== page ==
Ethan Frome And The Great Gatsby: The Progression Of Lust And Desire In Early Twentieth Century American Literature

1514 words - 6 pages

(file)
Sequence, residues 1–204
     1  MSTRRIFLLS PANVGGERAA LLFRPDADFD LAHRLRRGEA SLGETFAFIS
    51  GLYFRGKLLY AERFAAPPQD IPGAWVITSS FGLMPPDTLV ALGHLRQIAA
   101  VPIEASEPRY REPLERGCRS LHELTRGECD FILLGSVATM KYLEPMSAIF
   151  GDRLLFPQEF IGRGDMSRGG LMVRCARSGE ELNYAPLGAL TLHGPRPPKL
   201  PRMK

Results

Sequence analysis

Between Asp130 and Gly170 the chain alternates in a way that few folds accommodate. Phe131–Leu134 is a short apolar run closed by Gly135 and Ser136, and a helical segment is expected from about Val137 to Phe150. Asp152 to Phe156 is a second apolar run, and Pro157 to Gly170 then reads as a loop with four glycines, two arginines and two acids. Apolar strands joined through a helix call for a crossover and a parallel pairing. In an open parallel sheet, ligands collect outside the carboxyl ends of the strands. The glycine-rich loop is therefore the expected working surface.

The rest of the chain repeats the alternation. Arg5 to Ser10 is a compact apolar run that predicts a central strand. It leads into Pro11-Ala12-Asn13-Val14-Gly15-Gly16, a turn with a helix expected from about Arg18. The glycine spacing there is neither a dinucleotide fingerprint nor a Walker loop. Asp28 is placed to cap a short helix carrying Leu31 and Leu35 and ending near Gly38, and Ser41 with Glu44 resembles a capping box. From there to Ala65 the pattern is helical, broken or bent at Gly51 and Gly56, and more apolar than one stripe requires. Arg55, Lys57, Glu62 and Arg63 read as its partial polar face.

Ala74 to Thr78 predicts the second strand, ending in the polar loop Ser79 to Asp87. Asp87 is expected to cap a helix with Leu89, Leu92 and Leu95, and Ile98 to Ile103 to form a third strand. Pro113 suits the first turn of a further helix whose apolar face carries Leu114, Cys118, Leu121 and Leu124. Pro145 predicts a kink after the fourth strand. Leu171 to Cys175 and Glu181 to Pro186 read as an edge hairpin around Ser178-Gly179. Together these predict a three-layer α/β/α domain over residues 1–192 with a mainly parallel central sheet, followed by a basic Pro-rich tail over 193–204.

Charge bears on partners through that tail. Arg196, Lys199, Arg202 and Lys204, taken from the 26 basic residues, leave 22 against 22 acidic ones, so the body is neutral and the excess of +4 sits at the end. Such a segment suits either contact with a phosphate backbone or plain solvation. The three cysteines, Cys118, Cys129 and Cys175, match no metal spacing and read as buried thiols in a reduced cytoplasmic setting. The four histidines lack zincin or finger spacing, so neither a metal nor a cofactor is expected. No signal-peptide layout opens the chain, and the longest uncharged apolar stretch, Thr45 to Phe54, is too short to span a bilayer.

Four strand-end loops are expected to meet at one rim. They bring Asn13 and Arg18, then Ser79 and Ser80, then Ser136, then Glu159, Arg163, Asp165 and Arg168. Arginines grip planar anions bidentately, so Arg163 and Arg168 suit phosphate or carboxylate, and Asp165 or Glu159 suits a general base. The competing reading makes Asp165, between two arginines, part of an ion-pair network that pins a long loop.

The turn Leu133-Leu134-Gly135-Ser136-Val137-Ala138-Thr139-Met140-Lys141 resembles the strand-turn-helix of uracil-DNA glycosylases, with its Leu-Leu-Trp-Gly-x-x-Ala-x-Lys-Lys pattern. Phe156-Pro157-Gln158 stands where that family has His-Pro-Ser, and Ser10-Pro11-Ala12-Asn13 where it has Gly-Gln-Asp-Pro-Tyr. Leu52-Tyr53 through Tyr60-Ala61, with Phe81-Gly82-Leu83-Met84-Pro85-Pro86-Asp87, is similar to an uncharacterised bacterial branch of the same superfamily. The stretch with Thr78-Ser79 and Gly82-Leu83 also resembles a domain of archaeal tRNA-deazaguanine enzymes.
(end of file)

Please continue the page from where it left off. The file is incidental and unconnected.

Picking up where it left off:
Ethan Frome and The Great Gatsby: The Progression of Lust and Desire in Early Twentieth Century American LiteratureIntroductionThough the twentieth century can hardly lay an original claim to the use of lust and desire as major themes in literature-these are major driving forces behind human attitudes and behaviors, after all, and this has been reflected in art and literature since man first painted on cave walls-these topics did develop a certain unique flatness and unsatisfactory quality in the modern period. The impossibility of a sated desire and the disappointment of lustful longing achieved became the common ultimate development of many works and in a curiously cynical way, without the grandeur of earlier tragedies with a similar message. This was especially true of certain American novelists writing at the turn of the century.Edith Wharton and F. Scott Fitzgerald, though separated by a decade or two in their prominence, were two such authors. Desire can be seen in both of their works as a destructive force, which is a common element in many literary periods and genres, but it is also seen as somewhat base and meaningless; though the pursuit of desire is full of passion and meaning in the moment, it is ultimately entirely pointless and bereft of purpose. Both authors put forth this bleak view of desire in a way that manages to remain free from cynicism, and instead is enormously human and touching. Rather than laughing at or commenting on this supreme foible of the human condition, these authors expose this foible as a compassionate commentary on the senseless tragedy and pain that pursuits as meaningless as those of sexual lust specifically and desire in general bring to humanity.F. Scott Fitzgerald is unquestionably best known for his novel The Great Gatsby. This work defines the Jazz Age of the nineteen-twenties in America, which was typified by easy money and lax morals. This world provides the perfect setting for Fitzgerald's tale of love, greed, and corruption-and most of all, about the vain pursuit of desire. In Edith Wharton's far bleaker tale, which was written in 1911 but set in the late nineteenth century in a small and wilderness-bound faming community in New England. Though without the glitz and overt greed, Ethan Frome also can be read as an exposition of both the potency and the pointlessness of desire. These works are very different in their style, their characterizations, and in many of the conclusions they seem to draw regarding human nature, and yet they both lead to a similar view of desire as essentially empty and fruitless.The Great GatsbyNick Carraway, the naive and innocent narrator of The Great Gatsby (who is both less naïve and less innocent by the novel's close), experiences firsthand how empty desire is, and how foolish the pursuit of it can make a human being. Jay Gatsby, who comes form humble origins, has his heart set on the upper class Daisy, the extent of whose snobbery Gatsby cannot truly fathom until...

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